Sure, with COVID-19, the risk of death is low. But what are the odds that you are prepared to accept for your family? A one in 100 chance of dying? One in 10,000?
I try to live by the oath I took in medical school to treat all patients fairly and equally, even with risk to my own health. But after the West African Ebola epidemic, and now with COVID-19, I know I am not necessarily that strong. The hair stands up on the back of my neck when I hear ethicists, hospital administrators, and politicians, sitting in their safe offices, lecture me on my obligation to die providing health- care. We don’t take these risks because of an abstract “ethical duty”; we take them because it is what we do every time we walk into the chaos and danger of the emergency department. We do it because it is our job.
Read: How the coronavirus became an American catastrophe
Yes, physicians and nurses have an ethical duty to provide care. (I have even written about it.) The perspective of medical ethicists is pretty straightforward—health-care providers, especially physicians, should continue to care for the sick even if it puts their life at risk. We have an obligation to treat all patients, because we chose our profession and are well rewarded by society with money and respect. Nurses have a similar professional duty, but have specific exemptions. But there are few, if any, obligations for all the support staff that make my work possible—the techs, clerks, registrars, environmental staff. They don’t take an oath. Some are paid minimum wage, have few benefits, and get none of the societal accolades reserved for doctors and nurses. Why should they die for a $25,000-a-year job and $10,000 worth of life insurance? Who’s going to feed their kids when they’re gone?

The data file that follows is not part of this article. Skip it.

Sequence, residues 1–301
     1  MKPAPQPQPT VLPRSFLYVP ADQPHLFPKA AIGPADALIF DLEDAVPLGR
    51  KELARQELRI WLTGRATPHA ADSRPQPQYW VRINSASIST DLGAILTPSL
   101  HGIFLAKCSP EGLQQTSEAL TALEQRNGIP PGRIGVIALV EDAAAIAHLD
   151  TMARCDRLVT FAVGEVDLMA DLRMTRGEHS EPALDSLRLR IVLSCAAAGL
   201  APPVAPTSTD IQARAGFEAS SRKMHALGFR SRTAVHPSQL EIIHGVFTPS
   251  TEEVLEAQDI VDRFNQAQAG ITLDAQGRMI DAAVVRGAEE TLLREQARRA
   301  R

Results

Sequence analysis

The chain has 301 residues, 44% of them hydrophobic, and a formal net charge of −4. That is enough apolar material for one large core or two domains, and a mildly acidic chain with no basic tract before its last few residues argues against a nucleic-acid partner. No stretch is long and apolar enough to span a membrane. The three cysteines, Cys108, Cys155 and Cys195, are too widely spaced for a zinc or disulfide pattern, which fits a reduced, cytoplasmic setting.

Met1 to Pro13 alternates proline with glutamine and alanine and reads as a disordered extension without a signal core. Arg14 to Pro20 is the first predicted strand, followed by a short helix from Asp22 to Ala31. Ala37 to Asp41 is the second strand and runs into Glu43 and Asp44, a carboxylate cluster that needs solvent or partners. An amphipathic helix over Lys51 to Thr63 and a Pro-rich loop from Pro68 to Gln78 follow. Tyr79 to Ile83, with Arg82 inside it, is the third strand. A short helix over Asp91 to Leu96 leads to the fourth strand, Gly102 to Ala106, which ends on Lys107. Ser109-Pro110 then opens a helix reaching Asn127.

When you’re the one wearing a flimsy paper gown and mask in the same room as someone dying from an invisible virus that makes its home in the same air you breathe, nothing is simple.
Our duty is not boundless, and in bad situations, sacrificing providers is not what is best for society. If health-care providers are going to risk their life, then there is a reciprocal obligation—the fairness principle—that society, employers, and hospitals keep them safe and ensure that they are fairly treated, whether they live, get sick, or die.
First, hospitals must provide the resources necessary to protect the staff caring for infected patients—not just PPE, but also training, environmental controls, and policies and procedures to prevent spread. At a minimum, providers should be offered a free place to stay away from their family and be compensated for the time that they may not be able to touch their own children. Who’s going to take care of my wife and kids if I have to sleep on a cot in the hospital for two months? What about single parents whose kids are home because their schools are closed?